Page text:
The U.S. First Circuit Court of Appeals, which, in addition to Maine and other New England states, has jurisdiction over Puerto Rico, ruled today that a reasonable jury could determine that the University of Puerto Rico unlawfully subjected a former employee to sexual harassment. The former employee, Dr. Melissa Gerald, alleged that her supervisor, Dr. Edmundo Kraiselburd, sexually harassed her.
Gerald and Kraiselburd engaged in a week-long sexual affair in 2005 which Gerald ended soon after it began. According to Gerald, Kraiselburd tried to pursue another sexual relationship with her years later and, when she continued to rebuff him, he acted vindictively toward her. Some of his harassment included: grabbing her breasts; sexually propositioning her; and crassly asking in front of co-workers why she would not have sex with him. Gerald also maintains that Kraiselburd used his authority to demote her because she refused to have sex with him. The University argued that it demoted Gerald because of poor performance but Gerald presented documentary evidence to prove that she was performing well right up until the point when she rebuffed Kraiselburd's sexual advances.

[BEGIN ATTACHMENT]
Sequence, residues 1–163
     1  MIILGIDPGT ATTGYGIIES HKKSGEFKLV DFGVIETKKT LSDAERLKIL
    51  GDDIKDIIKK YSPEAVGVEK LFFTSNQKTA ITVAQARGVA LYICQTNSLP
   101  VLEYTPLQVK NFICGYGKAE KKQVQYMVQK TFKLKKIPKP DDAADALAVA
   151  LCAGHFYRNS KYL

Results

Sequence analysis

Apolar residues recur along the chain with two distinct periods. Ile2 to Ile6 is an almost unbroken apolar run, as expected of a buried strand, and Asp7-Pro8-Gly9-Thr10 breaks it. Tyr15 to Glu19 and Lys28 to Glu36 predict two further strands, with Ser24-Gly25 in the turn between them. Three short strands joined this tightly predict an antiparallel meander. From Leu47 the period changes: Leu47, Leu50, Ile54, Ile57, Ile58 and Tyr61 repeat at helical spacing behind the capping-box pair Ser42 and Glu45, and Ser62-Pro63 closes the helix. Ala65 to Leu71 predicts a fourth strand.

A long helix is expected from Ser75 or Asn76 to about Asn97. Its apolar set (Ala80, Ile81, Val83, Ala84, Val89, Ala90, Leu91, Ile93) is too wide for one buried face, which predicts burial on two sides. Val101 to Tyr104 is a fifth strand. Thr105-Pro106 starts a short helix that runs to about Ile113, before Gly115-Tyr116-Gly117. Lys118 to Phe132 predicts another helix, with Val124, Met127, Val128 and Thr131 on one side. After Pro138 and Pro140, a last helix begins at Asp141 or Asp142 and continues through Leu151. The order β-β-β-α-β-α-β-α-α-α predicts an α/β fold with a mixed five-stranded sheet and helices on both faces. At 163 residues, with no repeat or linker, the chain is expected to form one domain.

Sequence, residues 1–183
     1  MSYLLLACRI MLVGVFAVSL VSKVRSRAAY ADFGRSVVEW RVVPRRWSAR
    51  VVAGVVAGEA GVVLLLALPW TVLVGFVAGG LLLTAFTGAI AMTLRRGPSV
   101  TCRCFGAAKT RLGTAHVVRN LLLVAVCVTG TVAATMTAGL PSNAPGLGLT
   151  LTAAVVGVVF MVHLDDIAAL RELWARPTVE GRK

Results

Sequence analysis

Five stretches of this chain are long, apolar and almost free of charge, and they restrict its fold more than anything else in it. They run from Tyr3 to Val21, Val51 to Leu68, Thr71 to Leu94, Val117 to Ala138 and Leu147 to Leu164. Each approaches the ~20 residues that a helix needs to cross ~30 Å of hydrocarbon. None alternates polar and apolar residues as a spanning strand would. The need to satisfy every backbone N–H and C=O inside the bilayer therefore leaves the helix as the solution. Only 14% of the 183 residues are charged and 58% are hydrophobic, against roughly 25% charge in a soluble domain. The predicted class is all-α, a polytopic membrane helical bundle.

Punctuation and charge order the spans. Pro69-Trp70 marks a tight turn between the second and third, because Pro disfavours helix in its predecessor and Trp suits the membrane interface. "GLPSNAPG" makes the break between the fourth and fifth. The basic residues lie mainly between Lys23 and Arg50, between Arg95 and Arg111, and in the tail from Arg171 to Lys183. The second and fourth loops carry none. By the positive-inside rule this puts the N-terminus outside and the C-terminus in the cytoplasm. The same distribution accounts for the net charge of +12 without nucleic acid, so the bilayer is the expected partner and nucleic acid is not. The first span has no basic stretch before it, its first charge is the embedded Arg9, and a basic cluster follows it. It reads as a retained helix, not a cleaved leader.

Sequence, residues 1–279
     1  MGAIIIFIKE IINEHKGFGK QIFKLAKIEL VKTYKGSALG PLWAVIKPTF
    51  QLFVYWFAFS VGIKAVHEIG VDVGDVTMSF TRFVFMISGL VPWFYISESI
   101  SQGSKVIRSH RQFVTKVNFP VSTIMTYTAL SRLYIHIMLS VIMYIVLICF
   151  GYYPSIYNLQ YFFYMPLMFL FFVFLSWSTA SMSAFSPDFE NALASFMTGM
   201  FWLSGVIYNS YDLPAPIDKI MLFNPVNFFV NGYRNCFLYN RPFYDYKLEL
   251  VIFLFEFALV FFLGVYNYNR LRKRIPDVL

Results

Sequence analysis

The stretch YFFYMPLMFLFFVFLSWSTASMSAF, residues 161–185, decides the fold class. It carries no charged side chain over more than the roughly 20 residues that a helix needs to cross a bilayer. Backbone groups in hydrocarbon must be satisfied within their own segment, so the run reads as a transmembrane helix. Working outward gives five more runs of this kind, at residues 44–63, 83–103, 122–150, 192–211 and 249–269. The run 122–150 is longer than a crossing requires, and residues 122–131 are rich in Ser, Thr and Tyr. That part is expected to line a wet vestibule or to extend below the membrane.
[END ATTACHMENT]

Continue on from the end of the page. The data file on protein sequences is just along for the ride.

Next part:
Despite this evidence, the trial court in Puerto Rico found that no reasonable person could believe that Gerald suffered sexual harassment that was severe enough to adversely affect her employment. While this may seem outrageous, it is not uncommon for trial courts to overstep their authority and prevent juries from deciding whether an employer broke the law. In this case, the First Circuit reversed the trial court's decision and sent the case back to Puerto Rico for a trial.
If you have experienced sexual harassment in the workplace, you should contact an experienced employment lawyer to learn more about your rights. As this case illustrates, even seemingly straightforward sexual harassment cases can be an uphill battle in court.